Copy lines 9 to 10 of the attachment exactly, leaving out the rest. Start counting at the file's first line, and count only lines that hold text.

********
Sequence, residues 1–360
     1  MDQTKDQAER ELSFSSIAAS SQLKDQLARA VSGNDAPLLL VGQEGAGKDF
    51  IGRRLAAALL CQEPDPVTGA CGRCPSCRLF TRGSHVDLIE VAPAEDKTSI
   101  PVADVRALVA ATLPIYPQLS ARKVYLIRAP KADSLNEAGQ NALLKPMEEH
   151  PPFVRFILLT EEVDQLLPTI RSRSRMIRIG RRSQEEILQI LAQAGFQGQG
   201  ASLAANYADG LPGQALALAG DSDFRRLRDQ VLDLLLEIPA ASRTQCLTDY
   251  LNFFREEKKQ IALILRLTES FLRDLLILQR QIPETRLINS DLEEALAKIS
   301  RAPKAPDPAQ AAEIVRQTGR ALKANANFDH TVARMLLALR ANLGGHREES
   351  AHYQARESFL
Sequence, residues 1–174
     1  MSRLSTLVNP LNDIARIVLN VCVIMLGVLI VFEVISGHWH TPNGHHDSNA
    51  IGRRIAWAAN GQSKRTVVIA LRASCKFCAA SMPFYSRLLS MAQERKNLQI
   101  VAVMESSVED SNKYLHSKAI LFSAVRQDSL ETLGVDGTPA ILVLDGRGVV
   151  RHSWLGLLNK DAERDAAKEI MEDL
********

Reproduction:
   351  AHYQARESFL
Sequence, residues 1–174